The sacking of Michael Dugher is the biggest story of Labour’s glacial reshuffle (so far). An experienced campaigner with a good relationship with the media, Dugher is likely to be a thorn in Corbyn’s side – certainly his new Twitter bio, ‘Sacked by Jeremy Corbyn for too much straight talking, honest politics’, suggests that he intends to be one. In the next few weeks he could well emerge as an unofficial spokesman for disgruntled Shadow Cabinet members.
However, there is a bigger cloud gathering above the Labour leader’s head than disaffected men with whom he disagrees ideologically: disaffected women MPs who feel that he and his fellow lefties are misogynists. The view was articulated on Newsnight by Jess Phillips, who described his decision not to appoint any women to the great offices of state as “low-level, non-violent misogyny”.
The vile abuse slung at various female Labour MPs over the Syria vote by people who view themselves as Corbyn loyalists, and the presence of the Socialist Workers’ Party (which allegedly held a ‘kangaroo court’ to handle rape allegations against one of its senior activists) within Momentum, have already raised fears among various female Labour MPs that the movement which is now in charge of their Party simply does not like women very much. While the hard left is not entirely a men-only environment, it is fair to say that its internal culture seems to have moved on from the 1970s about as much as its economics has.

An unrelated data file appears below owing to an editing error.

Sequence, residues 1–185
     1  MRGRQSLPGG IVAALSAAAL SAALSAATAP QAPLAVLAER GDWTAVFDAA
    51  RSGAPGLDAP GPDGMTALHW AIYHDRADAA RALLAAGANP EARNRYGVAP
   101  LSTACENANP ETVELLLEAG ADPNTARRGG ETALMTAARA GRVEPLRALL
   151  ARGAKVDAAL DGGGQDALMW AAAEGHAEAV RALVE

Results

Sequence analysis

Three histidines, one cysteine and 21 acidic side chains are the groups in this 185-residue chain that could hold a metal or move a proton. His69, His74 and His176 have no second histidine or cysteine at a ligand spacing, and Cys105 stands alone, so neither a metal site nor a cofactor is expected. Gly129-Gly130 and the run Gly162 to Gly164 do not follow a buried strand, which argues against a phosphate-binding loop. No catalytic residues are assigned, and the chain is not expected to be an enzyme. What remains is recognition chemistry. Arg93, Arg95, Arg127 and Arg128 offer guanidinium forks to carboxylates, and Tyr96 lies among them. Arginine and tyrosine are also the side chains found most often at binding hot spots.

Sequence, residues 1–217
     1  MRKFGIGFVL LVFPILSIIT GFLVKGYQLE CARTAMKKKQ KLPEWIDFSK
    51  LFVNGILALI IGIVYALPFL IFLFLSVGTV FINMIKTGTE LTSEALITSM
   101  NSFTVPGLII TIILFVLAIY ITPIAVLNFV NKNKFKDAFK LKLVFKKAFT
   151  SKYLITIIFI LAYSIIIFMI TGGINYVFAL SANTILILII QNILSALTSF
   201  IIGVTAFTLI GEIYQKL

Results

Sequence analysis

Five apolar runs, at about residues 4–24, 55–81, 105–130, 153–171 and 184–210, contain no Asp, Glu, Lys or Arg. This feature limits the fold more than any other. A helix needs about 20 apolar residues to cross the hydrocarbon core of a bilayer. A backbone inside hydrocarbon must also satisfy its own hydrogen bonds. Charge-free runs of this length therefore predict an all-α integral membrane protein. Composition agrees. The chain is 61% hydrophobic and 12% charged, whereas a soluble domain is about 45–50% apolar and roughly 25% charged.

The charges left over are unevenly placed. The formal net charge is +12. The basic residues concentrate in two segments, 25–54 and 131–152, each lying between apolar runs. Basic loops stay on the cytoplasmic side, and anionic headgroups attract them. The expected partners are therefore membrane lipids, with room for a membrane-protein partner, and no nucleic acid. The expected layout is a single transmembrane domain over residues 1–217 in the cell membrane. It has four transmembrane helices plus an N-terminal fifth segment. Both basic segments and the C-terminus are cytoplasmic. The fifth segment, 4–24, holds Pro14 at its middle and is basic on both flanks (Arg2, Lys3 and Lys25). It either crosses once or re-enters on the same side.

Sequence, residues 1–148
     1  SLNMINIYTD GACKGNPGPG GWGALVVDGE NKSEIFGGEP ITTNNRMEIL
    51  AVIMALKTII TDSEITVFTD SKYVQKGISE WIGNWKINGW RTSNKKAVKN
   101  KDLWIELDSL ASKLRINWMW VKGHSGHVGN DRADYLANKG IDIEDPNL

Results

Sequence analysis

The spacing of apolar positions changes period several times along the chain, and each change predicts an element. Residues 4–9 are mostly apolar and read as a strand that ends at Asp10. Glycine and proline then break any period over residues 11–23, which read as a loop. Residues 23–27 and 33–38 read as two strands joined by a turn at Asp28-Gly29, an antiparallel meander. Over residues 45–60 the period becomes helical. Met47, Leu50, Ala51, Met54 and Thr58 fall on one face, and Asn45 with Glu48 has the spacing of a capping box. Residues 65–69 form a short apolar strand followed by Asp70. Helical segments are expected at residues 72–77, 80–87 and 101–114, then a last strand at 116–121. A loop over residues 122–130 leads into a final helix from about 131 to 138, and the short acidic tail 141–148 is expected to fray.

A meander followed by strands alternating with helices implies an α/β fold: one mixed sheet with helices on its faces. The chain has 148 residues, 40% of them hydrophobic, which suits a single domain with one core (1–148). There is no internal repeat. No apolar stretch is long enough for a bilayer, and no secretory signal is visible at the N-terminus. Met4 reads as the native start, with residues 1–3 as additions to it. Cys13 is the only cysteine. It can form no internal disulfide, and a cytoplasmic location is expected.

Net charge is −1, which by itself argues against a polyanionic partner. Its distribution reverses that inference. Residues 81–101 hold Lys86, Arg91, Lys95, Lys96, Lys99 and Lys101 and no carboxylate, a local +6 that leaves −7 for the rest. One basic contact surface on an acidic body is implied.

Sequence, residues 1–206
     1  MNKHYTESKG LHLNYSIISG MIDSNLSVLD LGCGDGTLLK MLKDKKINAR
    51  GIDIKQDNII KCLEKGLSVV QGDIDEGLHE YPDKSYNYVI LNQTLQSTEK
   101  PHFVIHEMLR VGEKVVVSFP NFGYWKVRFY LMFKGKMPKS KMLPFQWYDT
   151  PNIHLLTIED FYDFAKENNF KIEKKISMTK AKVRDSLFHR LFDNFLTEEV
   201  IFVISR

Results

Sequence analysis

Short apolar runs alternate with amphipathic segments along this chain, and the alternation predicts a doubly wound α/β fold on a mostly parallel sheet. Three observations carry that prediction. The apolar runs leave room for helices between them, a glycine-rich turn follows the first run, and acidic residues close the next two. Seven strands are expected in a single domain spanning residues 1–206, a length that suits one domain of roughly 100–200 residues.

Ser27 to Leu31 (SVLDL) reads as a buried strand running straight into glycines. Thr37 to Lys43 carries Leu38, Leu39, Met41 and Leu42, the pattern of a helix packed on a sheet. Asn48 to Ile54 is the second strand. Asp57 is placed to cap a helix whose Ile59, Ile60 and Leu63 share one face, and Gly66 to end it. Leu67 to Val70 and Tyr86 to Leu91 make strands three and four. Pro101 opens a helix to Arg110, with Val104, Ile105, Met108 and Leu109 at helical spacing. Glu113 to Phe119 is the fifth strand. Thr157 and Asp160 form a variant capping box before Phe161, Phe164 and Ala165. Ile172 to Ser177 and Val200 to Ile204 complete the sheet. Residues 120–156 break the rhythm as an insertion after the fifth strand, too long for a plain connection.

Phillips’ willingness to accuse Corbyn directly of misogyny shows that these concerns are not going away. No doubt as a proudly right-on member of the patronising progressive movement he will fail utterly to recognise himself in her description (“How could I be a misogynist? I have always praised the Greenham Common Peace Camp…”), and thus stands little chance of repeatedly confirming it. His unwillingness to seriously tackle the appalling behaviour of various of his allies and supporters thus far suggests he will continue to fail to rein in their abuse and threats, too.
Under those circumstances, the depth of feeling among many female Labour MPs will only grow. While he mulls over the possibility of Blairites knifing him in the back, Phillips could yet “knife him in the front”.